Long gone are the days when high-class reporters could jet-set around the country in order to catch a big scoop or nail an exclusive before the competition, but, in the world of ANNIKA BENGTZON, there’s still a glimmer of those fashionable yesterdays. As a crime reporter for a media conglomerate, she makes it her job to corral the big story even if that means she has to sacrifice any semblance of a family life or throw caution to the wind with respect to her personal safety. She’ll track down the evidence. She’ll keep after the police when others have moved on. She’ll stop at nothing to uncover what nefarious deed has been done, and, if it’s at all possible, bring those who beat the crime to justice.
But she won’t be there to pick up her kids when school lets out! No, no. In Bengtzon’s world, that’s a man’s job … if she can find one to do it.
(NOTE: The following review will contain minor spoilers necessary solely for the discussion of plot and/or characters. If you’re the type of reader who prefers a review entirely spoiler-free, then I’d encourage you to skip down to the last three paragraphs for my final assessment. If, however, you’re accepting of a few modest hints at ‘things to come,’ then read on …)
Forty years ago, an act of terror believed to have been perpetrated by those pesky Russians left one Swedish soldier dead, but, even today, the crime remains an oddity for Benny, a reporter. Benny believes that either the military or the government conspired to keep the true terrorist’s identity a secret. As the fortieth anniversary of the event approaches, Benny grows restless and is unwilling to leave it alone … until a parked car pulls away from the curb one night and runs him over. Now, it’s up to Annika Bengtzon – Crime Reporter – to avenge her fallen comrade with an investigation that might just point toward those in political power today!
As much as I enjoy the BENGTZON mysteries (for the record, this is the second collection I’ve begun making my way through), they do appear at times woefully out-of-step with the times. As I implied above, reporters don’t typically operate in such dire predicaments these days as, more and more, the truly big news stories are broken by some ace reporter unaffiliated with any individual operation from an internet café. Such is progress as its come to be known by man. For the purposes of ‘keeping it real’ (or a reasonable facsimile), Bengtzon harkens back to a kinder, gentler place where reporters at the big paper still have a chance. (This is, in part, entirely plausible given that these stories take place in Sweden, so I’ll give it a pass.)
But I found it difficult to muster up any real measure of caring about the story on display here. Rebels disillusioned with the political establishment forty years ago end up being seasoned citizens here. Though they’re obviously still capable of inflicting some damage by way of “geezer noir” (those of you who know the term can chuckle all you like), it’s been my experience that legitimate hippies sold out two decades back in order to get inside, co-opt the systems, and accomplish the revolution from the inside looking out and not vice versa. Granted, maybe things are a bit different (in Sweden), but the last I’d looked I thought that tactic was pretty universal.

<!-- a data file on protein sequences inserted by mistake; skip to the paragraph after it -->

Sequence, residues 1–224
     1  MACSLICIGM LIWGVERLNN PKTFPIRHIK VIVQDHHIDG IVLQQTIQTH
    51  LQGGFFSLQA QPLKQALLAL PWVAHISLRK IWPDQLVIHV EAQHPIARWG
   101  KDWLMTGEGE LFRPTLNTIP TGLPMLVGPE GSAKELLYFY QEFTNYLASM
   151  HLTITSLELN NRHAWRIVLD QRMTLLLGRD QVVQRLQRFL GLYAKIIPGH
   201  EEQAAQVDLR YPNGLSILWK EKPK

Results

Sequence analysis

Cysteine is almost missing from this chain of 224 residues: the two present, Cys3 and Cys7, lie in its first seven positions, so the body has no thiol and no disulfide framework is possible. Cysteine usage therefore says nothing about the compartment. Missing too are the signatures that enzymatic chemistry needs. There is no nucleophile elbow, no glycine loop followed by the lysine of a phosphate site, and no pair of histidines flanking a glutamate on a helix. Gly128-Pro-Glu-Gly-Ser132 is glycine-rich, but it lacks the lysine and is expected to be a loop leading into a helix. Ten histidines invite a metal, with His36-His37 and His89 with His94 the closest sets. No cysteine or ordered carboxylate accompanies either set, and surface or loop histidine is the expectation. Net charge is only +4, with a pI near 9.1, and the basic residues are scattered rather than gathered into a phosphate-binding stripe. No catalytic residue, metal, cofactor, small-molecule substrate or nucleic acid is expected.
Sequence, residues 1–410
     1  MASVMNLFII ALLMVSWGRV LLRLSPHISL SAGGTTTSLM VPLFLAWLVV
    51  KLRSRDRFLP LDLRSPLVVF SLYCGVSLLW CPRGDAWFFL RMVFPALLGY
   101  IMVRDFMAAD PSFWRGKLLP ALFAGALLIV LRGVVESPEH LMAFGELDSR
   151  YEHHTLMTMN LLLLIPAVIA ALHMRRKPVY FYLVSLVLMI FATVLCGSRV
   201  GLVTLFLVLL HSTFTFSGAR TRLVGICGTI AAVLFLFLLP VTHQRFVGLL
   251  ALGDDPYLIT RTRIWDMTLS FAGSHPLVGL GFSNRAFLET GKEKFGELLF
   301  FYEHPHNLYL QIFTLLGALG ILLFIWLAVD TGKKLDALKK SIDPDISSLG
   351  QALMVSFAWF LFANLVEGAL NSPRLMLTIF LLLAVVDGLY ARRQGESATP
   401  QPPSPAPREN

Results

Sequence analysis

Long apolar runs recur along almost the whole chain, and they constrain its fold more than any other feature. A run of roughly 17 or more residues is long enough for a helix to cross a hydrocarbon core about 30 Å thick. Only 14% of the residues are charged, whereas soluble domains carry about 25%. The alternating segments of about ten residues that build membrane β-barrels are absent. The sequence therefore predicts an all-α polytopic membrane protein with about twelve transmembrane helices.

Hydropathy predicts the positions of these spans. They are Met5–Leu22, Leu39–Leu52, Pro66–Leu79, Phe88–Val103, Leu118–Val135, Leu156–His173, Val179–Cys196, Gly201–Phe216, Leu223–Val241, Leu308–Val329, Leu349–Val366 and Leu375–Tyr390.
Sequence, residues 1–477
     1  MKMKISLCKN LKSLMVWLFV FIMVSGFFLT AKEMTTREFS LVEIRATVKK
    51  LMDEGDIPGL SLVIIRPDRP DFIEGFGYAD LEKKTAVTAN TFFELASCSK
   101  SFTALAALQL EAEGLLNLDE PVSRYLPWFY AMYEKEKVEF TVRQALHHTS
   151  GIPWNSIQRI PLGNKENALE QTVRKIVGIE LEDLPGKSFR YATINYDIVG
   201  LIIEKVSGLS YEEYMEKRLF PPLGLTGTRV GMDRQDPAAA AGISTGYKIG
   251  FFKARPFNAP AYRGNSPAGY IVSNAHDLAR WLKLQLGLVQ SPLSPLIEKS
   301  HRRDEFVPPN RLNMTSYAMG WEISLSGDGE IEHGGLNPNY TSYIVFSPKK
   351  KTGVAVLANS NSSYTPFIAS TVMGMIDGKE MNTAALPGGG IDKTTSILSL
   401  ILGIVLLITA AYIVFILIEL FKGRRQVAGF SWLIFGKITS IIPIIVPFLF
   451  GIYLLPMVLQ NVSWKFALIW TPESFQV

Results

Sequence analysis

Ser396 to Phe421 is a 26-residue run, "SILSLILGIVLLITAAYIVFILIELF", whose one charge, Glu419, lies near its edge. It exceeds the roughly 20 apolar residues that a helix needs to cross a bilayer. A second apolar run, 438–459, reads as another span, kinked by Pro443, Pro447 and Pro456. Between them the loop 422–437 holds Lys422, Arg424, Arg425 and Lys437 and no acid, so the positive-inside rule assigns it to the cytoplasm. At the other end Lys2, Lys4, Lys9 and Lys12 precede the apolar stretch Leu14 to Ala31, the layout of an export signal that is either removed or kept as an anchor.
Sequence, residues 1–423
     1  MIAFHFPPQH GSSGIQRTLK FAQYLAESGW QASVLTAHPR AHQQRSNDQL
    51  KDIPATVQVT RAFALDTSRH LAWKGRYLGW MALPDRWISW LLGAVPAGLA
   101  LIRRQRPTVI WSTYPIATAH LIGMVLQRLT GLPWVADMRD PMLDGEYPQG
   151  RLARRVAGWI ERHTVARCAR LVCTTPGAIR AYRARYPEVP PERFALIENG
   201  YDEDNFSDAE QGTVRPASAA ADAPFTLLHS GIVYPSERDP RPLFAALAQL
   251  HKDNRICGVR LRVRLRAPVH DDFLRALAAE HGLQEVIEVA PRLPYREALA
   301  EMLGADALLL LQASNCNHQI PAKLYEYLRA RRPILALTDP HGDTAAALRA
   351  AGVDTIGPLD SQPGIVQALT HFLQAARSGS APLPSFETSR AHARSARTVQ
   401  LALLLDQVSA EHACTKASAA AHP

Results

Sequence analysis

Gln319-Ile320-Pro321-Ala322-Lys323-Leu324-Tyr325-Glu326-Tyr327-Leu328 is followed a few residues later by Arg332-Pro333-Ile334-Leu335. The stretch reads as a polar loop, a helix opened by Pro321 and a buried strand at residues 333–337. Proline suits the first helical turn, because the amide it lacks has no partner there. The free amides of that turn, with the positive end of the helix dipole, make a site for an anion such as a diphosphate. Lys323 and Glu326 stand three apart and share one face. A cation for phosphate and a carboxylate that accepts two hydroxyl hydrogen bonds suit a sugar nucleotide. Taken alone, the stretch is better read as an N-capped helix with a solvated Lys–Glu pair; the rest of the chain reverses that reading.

There are a handful of murders that take place in the tale. Sadly – as the audience never really truly comes to know any of these victims prior to their assuming room temperature – it’s hard to get riled up about much of it. In fact, one might make the accusation that the murders became a bit gratuitous (though not bloody), taking place as they did in order to give some hot-looking blonde reporter something to go and report about. Given the fact that her personal life is in the toilet, maybe she had better give that some attention soon, no?
ANNIKA BENGTZON, CRIME REPORTER: THE RED WOLF  is produced by Yellow Bird Films, Degeto Film, TV4 Nordisk Television, Nordisk Film, and Filmpool Nord. DVD distribution (stateside) is being handled by MHZ Networks. For those needing it spelled out perfectly, here you go: this is a Swedish spoken language release with English subtitles available. (No, there is no English dubbed track.) As for the technical specifications, I’m increasingly impressed with the quality of the sight and sound that goes into BENGTZON; it’s nothing short of incredible, though some of the shooting locations this time around were far from the glamor of past installments. Sadly – as is too often the case when these foreign productions find release on American shores – there are no special features to speak of. (Shame on you, Sweden! For shame!)
RECOMMENDED though I’ll admit that it was all a bit muddled in the end. It’s clear that THE RED WOLF tried desperately to take the politics of old (from four decades ago) and transplant them into contemporary times, but I’m not entirely certain if it wanted to say that yesterday’s rebels today are far-sighted, short-sighted, or misguided. Whatever the case, Bengtzon stayed on the job up until the bitter end, and this time out her dedication to the story finally cost her more than just some petty physical abuse: love is no longer looking out for this reporter.
In the interests of fairness, I’m pleased to disclose that the fine folks at MHz Networks provided me with a DVD copy of ANNIKA BENGTZON, CRIME REPORTER: THE RED WOLF by request for the expressed purposes of completing this review.
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